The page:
The Food Corporation of India (FCI) has been able to buy half of its wheat procurement target of 40.7 million tonne by Wednesday despite a delayed start this year as Punjab has exceeded expectation by purchasing nearly 75% of its target in only 22 days.
The Food Corporation of India (FCI) has been able to buy half of its wheat procurement target of 40.7 million tonne by Wednesday despite a delayed start this year as Punjab has exceeded expectation by purchasing nearly 75% of its target in only 22 days. States like Uttar Pradesh, meanwhile, will have to make concerted efforts to reach near the targeted procurement.
While the government has fixed the wheat MSP at Rs 1,925/quintal, traders were buying the grain at about Rs 1,700-1,800/quintal in Gujarat and Rajasthan before the start of the official procurement. The open market arrivals were also very low, about 8,000-9,000 tonne per day, against about 40,000 tonne in the year-ago period in Rajasthan, where the crop arrives earlier than Punjab, Haryana and Uttar Pradesh.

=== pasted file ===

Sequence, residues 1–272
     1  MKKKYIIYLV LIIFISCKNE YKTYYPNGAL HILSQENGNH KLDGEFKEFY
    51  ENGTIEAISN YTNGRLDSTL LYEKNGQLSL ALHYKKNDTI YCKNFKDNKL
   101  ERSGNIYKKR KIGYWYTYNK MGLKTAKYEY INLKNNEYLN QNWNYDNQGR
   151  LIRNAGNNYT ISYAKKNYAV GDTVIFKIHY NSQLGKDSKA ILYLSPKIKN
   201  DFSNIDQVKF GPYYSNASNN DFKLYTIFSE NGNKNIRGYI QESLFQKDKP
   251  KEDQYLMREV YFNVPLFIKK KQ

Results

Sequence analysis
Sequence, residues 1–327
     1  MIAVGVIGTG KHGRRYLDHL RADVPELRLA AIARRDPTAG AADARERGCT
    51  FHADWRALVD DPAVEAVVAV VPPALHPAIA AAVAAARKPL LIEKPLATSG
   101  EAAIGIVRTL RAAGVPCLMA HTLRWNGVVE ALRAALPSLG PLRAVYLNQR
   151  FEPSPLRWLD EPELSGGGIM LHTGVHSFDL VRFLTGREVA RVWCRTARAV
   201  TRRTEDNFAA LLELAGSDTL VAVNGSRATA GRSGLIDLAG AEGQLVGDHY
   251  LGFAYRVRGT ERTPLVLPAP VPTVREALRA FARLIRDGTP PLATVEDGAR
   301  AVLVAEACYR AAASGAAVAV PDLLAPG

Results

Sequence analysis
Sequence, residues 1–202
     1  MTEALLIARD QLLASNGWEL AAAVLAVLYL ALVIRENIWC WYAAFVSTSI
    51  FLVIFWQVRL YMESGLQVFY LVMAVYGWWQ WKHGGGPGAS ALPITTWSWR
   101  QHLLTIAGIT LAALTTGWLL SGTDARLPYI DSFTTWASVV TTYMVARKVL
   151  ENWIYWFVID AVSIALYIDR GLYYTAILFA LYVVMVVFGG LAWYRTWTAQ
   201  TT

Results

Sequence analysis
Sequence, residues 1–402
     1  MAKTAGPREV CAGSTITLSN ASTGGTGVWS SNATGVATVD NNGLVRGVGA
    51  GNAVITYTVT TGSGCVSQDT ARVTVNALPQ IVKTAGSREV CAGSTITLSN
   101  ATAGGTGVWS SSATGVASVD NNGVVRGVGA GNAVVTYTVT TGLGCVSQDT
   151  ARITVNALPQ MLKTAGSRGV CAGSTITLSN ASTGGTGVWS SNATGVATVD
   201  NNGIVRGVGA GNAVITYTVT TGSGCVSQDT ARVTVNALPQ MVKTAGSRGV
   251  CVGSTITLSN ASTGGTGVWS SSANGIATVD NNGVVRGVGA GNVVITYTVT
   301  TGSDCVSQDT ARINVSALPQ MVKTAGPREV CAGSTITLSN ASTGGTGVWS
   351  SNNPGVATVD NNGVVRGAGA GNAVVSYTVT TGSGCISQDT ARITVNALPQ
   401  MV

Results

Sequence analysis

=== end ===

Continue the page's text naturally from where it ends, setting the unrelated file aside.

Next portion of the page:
Madhya Pradesh, which had so far seen arrival of 40.28 lakh tonne of wheat, has purchased 39.65 lakh tonne. The slow arrival has been attributed to asking farmers to come in batches to the procurement centres as per capacity to handle so that social distancing is maintained.
Even though the food ministry is hopeful of achieving the targeted procurement, traders and experts said that it could be around 35 million tonne (against 34.13 million tonne last year) as purchases may be much below target in Uttar Pradesh and Rajasthan. According to the government estimates, wheat production is estimated at record 106.21 million tonne for 2019-20 crop year (July-June), up 2.5% from a year earlier.
Usually the official procurement starts a few days before April 1, when normal rabi marketing season begins, as the crop arrives early in Madhya Pradesh and Gujarat. This year also, the plan was to start the purchase from around March 22 in these two states. But the procurement was postponed after the announcement of lockdown.